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Pediatric Massage

By Tina Allen, LMT, CPMMT, CPMT, CIMT

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Pediatric Massage Benefits for Down Syndrome

Our bodies are made up of cells, inside these cells are our genetic material called genes. Genes are arranged on a rod type structure called a chromosome and carry all of our inherited traits. Normally, each nucleus carries 23 pairs of chromosomes with half being inherited from each parent. In the event that a child has a full or partial extra copy of Chromosome 21, the individual will have a congenital disorder known as Down Syndrome. The most common form of Down Syndrome is often called "trisomy 21," because individuals with this condition have three copies of the 21st chromosome.

According to the National Down Syndrome Society, "One in every 691 babies in the United States is born with Down Syndrome, making it the most common genetic birth condition." The statistics are staggering especially taking into account that there are more than 400,000 Americans currently living with Down Syndrome in the United States. Common symptoms associated with Down Syndrome include potential impairment of cognitive ability, low muscle tone (hypotonia), congenital heart disease and other cardiac needs, seizure disorders, constipation, spinal cord compression, atlanto-axial instability (characterized by excessive movement at the junction between the atlas (C1) and axis (C2)) and physical appearance characteristics including short stature and a broad facial profile. All of which are considerations when we think of safely and effectively applying pediatric massage therapy.

down syndrome - Copyright – Stock Photo / Register Mark People with Down Syndrome have an increased risk for certain medical conditions, especially as children, and the use of diverse methods of treatment are encouraged. Massage is one type of additional therapy that is gaining popularity with peer-reviewed and scientific studies showing the benefits of massage for children with Down Syndrome, along with parents reporting the benefits they see first hand.

The Research

In a five month study, researchers found that "significant, lasting improvement in motor skills" were found in groups of children with Down Syndrome who were massaged by therapists, as well as parents. Additionally "an unanticipated consequence" was an unexpected jump in language skill for children affected by Down syndrome. This study is based around low income solutions for children with exceptionalities and wanted to measure the impact of training parents to massage their own children would have. The results speak to parents using massage as a viable option in helping with their child's healthcare concerns.

Another study found similarly exciting results, 21 young children (average age, two years) with Down Syndrome receiving early intervention (physical therapy, occupational therapy or speech therapy) were chosen for two month study. The study used two groups, one receiving a half-hour reading activity and the other a half-hour of massage therapy. The children were assessed for development and muscle tone on the first and last day of the study. Children in the massage group revealed "larger gains in fine and gross motor functioning and less severe limb hypotonicity" as compared to the children in the reading group at the end of the two month study.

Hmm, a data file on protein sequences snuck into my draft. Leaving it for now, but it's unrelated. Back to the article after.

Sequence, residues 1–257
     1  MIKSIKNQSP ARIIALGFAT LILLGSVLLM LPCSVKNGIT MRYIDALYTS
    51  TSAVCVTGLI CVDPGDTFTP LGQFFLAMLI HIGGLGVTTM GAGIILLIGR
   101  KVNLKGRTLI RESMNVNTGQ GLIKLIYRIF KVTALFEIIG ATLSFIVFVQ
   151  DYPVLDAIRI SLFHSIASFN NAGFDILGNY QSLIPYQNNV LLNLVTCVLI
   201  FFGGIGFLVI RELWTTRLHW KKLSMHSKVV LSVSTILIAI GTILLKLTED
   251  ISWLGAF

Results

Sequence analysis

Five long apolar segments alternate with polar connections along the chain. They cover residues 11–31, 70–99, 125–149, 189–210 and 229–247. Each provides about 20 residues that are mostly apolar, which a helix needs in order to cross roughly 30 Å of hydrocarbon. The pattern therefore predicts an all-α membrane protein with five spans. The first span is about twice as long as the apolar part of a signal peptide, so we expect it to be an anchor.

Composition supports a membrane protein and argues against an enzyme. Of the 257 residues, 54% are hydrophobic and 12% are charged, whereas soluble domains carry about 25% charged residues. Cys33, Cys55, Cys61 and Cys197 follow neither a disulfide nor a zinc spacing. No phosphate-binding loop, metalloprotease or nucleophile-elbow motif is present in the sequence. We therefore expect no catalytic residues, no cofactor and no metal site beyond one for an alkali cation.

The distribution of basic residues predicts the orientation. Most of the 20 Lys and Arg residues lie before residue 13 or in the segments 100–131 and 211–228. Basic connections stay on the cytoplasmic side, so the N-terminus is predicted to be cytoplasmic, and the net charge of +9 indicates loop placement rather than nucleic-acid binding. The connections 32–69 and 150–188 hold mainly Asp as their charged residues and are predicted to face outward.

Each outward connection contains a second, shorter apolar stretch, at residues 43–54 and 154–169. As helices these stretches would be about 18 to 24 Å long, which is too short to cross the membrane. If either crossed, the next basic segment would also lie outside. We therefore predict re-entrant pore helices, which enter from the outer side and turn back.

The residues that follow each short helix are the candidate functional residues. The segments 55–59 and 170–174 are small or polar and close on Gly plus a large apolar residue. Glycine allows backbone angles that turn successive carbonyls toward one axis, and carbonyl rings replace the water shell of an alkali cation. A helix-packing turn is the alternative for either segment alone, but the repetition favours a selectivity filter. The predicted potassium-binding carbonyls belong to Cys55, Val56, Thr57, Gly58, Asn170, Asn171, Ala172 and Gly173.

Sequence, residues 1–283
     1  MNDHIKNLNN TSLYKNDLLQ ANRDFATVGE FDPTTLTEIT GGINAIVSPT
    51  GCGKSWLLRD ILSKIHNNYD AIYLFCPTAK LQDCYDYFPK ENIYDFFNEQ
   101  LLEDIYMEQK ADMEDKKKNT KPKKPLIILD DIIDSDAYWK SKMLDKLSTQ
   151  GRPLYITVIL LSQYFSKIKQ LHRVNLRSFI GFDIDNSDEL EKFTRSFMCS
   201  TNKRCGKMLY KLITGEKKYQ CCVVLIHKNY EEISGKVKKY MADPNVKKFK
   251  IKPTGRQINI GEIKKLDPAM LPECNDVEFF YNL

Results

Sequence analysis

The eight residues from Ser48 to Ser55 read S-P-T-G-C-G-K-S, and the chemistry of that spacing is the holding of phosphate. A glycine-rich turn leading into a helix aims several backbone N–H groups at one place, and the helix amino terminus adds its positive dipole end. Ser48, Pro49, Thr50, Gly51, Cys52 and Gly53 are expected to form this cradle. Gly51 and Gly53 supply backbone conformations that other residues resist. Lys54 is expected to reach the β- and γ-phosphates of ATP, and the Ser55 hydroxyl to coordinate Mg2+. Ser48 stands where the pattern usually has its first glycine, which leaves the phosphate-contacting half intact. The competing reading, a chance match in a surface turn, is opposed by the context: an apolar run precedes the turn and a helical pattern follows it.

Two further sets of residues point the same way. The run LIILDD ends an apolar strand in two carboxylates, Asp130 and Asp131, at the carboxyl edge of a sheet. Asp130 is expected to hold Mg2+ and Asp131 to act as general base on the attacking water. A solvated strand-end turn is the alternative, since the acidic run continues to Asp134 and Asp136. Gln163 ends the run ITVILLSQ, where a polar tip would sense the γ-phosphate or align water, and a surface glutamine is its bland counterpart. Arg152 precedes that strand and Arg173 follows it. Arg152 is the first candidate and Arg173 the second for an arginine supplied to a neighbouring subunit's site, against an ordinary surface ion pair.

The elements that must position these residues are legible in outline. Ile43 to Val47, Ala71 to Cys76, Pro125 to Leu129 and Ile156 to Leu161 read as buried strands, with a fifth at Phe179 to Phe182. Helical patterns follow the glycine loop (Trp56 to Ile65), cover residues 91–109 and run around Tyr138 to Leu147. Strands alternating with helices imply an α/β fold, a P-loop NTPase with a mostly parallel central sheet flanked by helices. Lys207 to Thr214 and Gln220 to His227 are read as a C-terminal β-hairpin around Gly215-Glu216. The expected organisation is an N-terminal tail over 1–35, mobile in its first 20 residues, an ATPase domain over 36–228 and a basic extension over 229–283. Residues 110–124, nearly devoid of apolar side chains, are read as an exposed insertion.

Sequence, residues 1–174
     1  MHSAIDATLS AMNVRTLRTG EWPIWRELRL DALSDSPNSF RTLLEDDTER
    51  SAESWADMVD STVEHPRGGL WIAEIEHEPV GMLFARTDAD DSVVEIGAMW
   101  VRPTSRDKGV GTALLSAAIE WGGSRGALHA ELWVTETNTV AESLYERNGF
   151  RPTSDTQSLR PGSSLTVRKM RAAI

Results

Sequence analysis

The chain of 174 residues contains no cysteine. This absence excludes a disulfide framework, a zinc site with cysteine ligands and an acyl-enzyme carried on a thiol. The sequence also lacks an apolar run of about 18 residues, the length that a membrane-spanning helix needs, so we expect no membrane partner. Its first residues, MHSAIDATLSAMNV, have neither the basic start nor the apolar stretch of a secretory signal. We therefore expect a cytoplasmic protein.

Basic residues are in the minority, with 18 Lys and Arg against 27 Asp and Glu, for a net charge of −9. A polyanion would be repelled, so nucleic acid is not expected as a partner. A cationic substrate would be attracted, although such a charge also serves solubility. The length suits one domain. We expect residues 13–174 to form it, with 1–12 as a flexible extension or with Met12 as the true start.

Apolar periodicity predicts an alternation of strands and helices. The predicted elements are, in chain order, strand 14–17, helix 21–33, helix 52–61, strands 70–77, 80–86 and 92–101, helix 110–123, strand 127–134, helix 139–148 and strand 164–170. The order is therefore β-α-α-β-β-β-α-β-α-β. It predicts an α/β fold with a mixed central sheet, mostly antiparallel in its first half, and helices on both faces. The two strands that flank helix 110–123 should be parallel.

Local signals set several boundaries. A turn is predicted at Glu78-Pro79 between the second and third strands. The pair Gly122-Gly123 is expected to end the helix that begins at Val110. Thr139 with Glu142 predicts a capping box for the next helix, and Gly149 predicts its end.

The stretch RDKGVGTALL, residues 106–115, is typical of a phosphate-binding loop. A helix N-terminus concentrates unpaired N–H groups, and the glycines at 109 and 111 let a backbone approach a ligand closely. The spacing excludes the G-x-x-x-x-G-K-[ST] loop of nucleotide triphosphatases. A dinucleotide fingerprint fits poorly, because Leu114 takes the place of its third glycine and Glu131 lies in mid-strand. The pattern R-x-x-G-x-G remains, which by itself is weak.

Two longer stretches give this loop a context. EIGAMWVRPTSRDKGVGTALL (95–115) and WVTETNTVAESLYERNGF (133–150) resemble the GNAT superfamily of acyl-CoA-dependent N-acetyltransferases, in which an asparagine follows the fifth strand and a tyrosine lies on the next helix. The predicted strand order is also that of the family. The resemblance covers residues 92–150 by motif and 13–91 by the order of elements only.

Every child deserves to receive the effects of touch therapy in a unique style customized for their best care. They may benefit from different gentle techniques, varied length of sessions and gentle application. Evidence suggests that pediatric massage may improve muscle tone, increase performance on motor tasks and provide much needed relief from constipation by improving motility.

Pediatric Massage Considerations

A detailed health history and intake form is required before beginning any session, whether it is a hands-on therapeutic provided by a certified pediatric massage therapist or techniques shared with parents. In order to practice best care, the full health profile must be reviewed and a treatment plan developed.

Specific caution should be practiced in relation to any pre-existing cardiac conditions, hypotonicity due to affected muscles and joints, and atlanto-axial instability. In some cases, as much as the therapist may wish to address low muscle tone, the techniques employed may have to be adapted to practice caution in relation to cardiac issues. When atlanto-axial instability is present, no traction should be applied to the neck, and careful positioning is imperative. Always watch nonverbal cues closely, as there may be a delayed response to discomfort and/or pain due to higher sensory threshold. To address constipation, abdominal massage may be applied to improve gastrointestinal function and increase motility. It is important that all massage strokes and techniques follow the direction of the intestinal tract, and are provided at least thirty minutes following eating. The child should be in a relaxed and comfortable position and welcome to massage.

With more and more children being diagnosed with Down Syndrome, it is important that massage therapists wishing to practice pediatric massage therapy become educated in safe and effective approaches, to become a professional, active part of a child's treatment team.

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